Hard look / Why Dankner had to go
The Bank of Israel demanded that Bank Hapoalim's controlling shareholder, Shari Arison, fire bank chairman Danny Dankner following a number of incidents that the central bank management felt showed problematic judgment.
Dankner had taken the chairman's seat two years ago, after Shlomo Nehama was tossed out. Among the problems the Bank of Israel cited during Dankner's term were the ouster of Amir Barnea as external director and the appointment of Irit Izakson as vice chairman - an appointment that the Bank of Israel managed to scuttle.
Nor did the Bank of Israel appreciate Hapoalim's fling with dangerous derivatives. Of all Israel's banks, it was the most exposed to the U.S. subprime market. The Bank of Israel had to force Hapoalim to sell its portfolio of mortgage-based securities before the loss could mount any more, beyond roughly a billion dollars.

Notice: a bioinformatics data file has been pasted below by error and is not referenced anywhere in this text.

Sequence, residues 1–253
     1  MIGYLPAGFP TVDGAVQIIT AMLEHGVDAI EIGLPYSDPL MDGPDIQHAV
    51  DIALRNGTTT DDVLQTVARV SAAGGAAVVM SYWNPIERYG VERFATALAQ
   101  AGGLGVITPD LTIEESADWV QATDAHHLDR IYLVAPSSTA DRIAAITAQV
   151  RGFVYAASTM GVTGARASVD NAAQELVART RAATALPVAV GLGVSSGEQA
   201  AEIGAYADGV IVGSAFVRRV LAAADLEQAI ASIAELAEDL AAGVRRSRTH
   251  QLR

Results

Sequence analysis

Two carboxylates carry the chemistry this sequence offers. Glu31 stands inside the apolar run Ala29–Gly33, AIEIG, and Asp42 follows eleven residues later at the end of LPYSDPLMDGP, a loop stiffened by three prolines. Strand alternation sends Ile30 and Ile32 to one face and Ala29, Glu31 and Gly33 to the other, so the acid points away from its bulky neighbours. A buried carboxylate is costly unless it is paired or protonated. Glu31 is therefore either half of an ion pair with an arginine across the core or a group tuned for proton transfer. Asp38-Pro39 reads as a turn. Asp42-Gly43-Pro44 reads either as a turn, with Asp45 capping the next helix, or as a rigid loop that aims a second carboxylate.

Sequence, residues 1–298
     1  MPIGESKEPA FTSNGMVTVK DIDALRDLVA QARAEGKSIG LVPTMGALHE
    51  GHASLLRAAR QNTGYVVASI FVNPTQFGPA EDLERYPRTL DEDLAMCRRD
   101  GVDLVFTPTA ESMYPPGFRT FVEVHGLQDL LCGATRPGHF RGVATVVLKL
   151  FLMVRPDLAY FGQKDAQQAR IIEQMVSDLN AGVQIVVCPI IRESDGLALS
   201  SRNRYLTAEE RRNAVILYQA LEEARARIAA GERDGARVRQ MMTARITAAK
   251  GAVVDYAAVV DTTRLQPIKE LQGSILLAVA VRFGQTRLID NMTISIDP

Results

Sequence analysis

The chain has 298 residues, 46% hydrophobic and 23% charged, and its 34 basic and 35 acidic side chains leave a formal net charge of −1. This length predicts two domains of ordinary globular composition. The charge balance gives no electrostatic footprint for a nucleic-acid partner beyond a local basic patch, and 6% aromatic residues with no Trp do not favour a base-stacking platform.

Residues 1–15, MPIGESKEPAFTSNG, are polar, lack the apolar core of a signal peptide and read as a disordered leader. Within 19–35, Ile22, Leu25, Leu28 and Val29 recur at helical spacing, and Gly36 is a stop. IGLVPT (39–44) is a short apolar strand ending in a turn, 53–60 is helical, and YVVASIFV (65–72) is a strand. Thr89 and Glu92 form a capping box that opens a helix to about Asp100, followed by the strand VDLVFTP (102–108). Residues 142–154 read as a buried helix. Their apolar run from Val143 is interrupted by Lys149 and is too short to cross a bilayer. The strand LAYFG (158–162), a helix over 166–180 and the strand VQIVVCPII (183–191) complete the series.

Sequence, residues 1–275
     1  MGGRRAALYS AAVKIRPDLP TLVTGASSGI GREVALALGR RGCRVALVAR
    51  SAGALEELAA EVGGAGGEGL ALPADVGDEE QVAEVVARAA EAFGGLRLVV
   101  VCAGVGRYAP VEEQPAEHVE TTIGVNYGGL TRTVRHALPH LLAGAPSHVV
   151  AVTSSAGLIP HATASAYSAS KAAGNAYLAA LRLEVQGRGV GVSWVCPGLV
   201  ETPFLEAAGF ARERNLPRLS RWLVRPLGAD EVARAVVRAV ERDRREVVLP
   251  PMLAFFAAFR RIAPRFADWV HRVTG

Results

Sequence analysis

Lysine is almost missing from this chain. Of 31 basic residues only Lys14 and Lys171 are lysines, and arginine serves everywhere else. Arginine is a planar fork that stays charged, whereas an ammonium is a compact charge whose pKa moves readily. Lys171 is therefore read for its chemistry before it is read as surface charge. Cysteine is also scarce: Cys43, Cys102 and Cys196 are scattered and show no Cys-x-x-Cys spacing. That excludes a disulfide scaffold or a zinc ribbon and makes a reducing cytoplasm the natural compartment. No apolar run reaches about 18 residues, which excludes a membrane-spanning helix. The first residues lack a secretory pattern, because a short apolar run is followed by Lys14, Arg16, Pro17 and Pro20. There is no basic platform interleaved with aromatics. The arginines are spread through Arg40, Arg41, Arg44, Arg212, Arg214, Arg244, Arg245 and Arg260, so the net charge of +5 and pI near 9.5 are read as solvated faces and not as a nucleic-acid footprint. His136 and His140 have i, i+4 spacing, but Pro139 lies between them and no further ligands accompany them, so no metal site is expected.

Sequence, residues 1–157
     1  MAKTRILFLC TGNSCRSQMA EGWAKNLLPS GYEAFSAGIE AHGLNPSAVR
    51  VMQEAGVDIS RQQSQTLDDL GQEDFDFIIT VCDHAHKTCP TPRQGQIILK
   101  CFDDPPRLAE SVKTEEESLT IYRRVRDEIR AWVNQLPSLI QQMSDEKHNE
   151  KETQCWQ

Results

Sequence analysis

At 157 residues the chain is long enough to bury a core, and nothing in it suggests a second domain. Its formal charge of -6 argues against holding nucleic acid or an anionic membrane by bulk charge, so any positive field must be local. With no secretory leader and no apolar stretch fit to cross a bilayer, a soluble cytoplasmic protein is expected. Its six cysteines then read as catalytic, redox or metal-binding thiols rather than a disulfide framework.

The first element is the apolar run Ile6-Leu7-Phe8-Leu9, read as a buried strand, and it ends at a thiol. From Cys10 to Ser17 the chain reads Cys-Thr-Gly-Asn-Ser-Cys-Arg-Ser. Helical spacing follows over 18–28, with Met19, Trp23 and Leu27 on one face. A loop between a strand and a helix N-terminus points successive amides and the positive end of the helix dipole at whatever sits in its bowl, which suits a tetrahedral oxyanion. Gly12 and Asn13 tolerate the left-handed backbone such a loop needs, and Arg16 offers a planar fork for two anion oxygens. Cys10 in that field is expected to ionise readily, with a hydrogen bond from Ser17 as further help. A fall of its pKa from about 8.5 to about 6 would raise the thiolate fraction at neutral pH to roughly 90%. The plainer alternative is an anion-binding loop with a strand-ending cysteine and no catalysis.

Also, the Bank of Israel refused to allow Bank Hapoalim to buy a bank in Ukraine and another in Russia.
The central bank had been concerned about Dankner's sway over the bank. These concerns spiked with the resignation in late March of Hapoalim CEO Zvi Ziv over differences of opinion with Dankner, the nature of which the public never learned. The Bank of Israel was also concerned that Dankner's power would grow if Zion Keinan succeeded Ziv as CEO, because of the close relations between Dankner and Keinan.
Dankner, 49, is divorced with four children, and lives with his girlfriend in Tel Aviv. He is a cousin of Nochi Dankner, owner of IDB Holdings. He owns a controlling interest in Elran Investments, which is in trouble and sports a going concern warning on its books.
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